Banbury driving instructor on the changes to the test

Neil Ridding of Nearway Driving Instruction welcomes the driving test changes NNL-171127-094206001
Neil Ridding of Nearway Driving Instruction welcomes the driving test changes NNL-171127-094206001

The Banbury Guardian sat down with driving instructor Neil Ridding, business owner of Nearway Driving Training at the Cherwell Business Village in Banbury, to see whether the changes go far enough or if the Driver and Vehicle Standards Agency (DVSA) could have done more.

Neil said: “I generally agree with most of the changes. The sat nav driving is good because its more like real life, people are going to be using sat navs when they’re driving around after passing their test.

“Driving forwards into a bay is also good. The parallel park is a real life exercise that they will use when they pass.”

The removal of two, often problematic manoeuvres, also has Neil’s approval.

He said: “I think the whole reason they have done it and changed the manoeuvres is so they can spend more time out on more rural and high risk roads which are the roads people are killing themselves on after they’ve passed their test, rather than driving around a housing estate looking for a place to perform a three point turn.

He added: “By taking those manoeuvres out they can spend more time on driving which is what it is all about. People don’t die reversing around corners, they die by misjudging speed on the bends or incorrectly overtaking.”

The changes have been implemented after a public consultation in which 3,900 people were asked about the changes and a consultation with 4,300 learner drivers and over 860 driving instructors.

Last year the new test was piloted in driving examination centres across the UK.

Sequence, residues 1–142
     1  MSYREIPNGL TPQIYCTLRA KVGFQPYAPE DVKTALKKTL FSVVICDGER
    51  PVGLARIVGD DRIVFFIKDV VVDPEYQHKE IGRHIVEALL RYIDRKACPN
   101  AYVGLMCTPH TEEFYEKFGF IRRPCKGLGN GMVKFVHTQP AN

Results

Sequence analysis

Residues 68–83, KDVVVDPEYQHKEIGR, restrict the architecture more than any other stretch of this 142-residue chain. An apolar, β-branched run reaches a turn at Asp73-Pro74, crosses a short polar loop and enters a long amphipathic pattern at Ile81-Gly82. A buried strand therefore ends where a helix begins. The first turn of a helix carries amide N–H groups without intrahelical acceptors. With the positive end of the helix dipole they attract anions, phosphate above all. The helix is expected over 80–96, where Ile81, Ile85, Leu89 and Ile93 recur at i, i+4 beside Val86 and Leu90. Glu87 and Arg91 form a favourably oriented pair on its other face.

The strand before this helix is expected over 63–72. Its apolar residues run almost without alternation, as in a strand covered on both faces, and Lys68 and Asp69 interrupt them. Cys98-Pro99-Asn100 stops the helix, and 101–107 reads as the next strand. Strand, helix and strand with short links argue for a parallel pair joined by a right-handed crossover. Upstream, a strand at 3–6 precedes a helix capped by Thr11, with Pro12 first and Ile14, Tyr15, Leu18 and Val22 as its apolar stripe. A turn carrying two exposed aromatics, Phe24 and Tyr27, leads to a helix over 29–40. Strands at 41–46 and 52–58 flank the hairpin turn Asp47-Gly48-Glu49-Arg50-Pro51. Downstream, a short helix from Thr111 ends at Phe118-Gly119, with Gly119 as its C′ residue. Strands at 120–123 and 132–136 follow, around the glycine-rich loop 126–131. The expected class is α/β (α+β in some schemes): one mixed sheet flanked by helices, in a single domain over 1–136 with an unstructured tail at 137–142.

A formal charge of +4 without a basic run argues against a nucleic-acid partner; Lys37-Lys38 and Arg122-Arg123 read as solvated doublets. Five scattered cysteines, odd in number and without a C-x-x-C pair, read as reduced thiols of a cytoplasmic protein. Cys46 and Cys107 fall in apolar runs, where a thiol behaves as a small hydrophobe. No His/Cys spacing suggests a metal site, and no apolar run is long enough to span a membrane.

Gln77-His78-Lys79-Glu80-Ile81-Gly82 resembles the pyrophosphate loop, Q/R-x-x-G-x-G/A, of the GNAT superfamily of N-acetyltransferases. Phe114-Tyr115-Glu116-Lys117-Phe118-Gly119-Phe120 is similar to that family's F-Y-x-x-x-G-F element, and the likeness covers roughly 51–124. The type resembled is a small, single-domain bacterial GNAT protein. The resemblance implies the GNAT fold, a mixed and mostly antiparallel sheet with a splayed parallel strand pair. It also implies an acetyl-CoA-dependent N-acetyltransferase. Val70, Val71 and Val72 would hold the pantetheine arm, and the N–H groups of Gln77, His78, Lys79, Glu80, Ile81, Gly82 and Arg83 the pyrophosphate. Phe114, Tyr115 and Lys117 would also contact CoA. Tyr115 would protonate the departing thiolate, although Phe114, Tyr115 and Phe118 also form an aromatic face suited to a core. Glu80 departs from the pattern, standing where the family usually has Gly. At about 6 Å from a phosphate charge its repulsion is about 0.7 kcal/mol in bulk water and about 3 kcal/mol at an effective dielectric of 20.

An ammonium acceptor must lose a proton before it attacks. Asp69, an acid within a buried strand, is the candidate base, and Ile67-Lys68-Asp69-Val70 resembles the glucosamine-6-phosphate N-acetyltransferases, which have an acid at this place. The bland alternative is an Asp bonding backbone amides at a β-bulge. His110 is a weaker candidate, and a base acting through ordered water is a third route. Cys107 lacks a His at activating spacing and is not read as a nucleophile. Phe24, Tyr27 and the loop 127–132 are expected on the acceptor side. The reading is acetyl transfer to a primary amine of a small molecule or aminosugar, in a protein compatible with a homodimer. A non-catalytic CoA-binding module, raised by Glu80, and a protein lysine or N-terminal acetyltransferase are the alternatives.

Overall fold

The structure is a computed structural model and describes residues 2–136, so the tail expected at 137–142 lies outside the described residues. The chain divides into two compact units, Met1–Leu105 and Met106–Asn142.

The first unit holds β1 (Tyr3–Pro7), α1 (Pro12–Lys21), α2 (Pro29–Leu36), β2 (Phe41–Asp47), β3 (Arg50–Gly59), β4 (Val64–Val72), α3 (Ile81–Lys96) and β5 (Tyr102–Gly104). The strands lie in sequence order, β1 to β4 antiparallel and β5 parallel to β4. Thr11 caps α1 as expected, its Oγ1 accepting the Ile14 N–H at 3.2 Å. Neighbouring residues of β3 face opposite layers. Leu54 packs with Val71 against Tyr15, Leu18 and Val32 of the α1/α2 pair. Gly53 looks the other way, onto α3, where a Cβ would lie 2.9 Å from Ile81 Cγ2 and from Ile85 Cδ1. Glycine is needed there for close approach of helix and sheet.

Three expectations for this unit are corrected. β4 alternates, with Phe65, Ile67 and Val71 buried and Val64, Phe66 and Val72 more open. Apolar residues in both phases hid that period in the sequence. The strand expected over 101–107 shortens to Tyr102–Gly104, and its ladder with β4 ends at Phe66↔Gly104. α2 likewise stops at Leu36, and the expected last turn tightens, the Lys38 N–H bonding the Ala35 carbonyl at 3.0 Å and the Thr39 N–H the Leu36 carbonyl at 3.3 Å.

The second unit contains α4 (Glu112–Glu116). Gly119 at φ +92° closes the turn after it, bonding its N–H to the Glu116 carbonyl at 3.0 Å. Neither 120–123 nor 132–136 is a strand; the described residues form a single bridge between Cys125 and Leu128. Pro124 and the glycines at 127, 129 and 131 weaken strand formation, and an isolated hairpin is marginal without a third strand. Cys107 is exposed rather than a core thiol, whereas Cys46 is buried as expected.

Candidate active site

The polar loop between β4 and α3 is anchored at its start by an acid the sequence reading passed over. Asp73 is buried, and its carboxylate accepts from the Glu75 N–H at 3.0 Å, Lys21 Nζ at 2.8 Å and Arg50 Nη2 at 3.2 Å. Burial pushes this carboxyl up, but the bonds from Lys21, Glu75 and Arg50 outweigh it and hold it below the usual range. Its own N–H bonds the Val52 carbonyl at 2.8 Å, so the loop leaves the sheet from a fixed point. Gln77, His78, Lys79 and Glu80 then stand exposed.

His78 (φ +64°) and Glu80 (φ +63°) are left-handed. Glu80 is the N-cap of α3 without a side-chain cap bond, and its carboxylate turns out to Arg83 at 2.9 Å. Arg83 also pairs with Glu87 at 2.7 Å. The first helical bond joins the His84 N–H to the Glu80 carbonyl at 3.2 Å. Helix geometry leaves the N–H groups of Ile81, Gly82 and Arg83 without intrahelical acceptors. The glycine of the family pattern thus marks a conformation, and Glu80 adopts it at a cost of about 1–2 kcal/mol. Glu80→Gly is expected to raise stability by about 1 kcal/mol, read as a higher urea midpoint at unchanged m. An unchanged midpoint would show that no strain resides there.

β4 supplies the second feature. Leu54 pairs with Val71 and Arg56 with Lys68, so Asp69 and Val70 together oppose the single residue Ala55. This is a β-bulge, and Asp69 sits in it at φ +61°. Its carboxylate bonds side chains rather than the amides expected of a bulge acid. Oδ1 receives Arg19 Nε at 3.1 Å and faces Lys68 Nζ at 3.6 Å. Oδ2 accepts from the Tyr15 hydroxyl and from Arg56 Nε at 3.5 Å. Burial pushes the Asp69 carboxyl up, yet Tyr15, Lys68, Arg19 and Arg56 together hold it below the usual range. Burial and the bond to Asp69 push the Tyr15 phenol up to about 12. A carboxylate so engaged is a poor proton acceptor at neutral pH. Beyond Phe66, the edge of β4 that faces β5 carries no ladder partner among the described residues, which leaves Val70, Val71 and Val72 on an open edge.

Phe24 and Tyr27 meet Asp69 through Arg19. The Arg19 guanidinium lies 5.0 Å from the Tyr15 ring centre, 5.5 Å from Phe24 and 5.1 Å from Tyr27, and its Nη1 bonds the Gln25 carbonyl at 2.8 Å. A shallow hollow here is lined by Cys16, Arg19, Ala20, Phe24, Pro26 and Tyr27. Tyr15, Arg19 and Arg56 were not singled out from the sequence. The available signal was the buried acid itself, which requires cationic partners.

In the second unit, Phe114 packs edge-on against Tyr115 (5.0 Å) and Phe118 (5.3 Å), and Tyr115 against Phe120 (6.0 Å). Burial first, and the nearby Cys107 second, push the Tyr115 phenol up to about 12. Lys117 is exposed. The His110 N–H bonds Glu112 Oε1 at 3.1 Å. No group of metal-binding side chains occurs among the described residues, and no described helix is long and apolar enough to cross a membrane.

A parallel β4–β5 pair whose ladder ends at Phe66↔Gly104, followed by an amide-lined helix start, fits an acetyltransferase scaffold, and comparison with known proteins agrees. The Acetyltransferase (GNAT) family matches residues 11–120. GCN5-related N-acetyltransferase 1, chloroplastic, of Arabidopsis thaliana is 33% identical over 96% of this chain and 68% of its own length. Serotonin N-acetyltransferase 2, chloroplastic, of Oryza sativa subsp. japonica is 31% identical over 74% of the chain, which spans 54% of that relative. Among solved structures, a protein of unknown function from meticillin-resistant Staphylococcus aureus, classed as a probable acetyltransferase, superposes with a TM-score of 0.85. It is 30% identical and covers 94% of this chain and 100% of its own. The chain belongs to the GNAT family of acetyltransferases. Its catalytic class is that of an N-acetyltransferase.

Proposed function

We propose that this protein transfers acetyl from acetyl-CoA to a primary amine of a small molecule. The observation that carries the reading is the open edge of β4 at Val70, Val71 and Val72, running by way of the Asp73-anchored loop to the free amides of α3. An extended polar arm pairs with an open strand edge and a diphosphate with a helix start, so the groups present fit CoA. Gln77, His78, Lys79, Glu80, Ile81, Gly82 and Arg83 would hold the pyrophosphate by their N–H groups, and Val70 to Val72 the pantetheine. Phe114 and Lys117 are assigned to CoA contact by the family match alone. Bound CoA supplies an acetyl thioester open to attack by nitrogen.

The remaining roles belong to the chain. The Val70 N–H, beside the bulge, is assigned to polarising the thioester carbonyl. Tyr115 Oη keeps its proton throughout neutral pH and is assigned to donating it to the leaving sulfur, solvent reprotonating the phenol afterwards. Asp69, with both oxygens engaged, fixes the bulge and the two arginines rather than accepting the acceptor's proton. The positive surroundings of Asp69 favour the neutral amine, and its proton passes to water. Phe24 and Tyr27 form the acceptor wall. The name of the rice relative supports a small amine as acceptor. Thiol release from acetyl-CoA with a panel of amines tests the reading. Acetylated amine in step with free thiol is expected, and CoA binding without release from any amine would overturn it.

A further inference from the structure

Of all the changes there is one, however, that is causing some confusion with both instructors and learner drivers and has affectionately become known as the ‘nonsense manoeuvre’.

Neil said: “The only one I find slightly curious is you may be asked to pull up on the right hand side of the road, reverse two car lengths and then drive off.

“I find that slightly baffling as to why you would need to do that and we’ve had times when we’ve been practising that, in preparation for the new tests and it’s caused some confusion with the other road users.”

The manoeuvre is also a direct contravention of the highway code that states pulling up on the right hand side of the road should be avoided.

Students too are positive about the changes.

Neil said: “Most of our students are quite happy to do the new test. We actually have some who are hanging on for the new test. Not having to reverse around a corner or having to do a turn in the road, if that’s a manoeuvre you don’t get on with then wait a few weeks until the new test comes in.”

Laura Moody, one of Nearway’s student drivers, said: “I like the changes. They’re more like real life. I do struggle with the pull up on the right exercise especially as road users have been confused when I’ve been practising it.”

Due to the fact that the main foundation of the driving test remain unchanged and the scoring system is still the same, a student driver will pass the test if they make no more than 15 driving faults and no serious or dangerous faults. No new laws were needed to push the changes through parliament.

Neil said: “It would be nice to see the possibility of driving on the motorway for learners. They keep saying that’s going to be brought in.

“Also maybe have some element of programming the sat nav as at the moment the examiner will do all the programming for you.”

The theory test remains unchanged in the shake-up.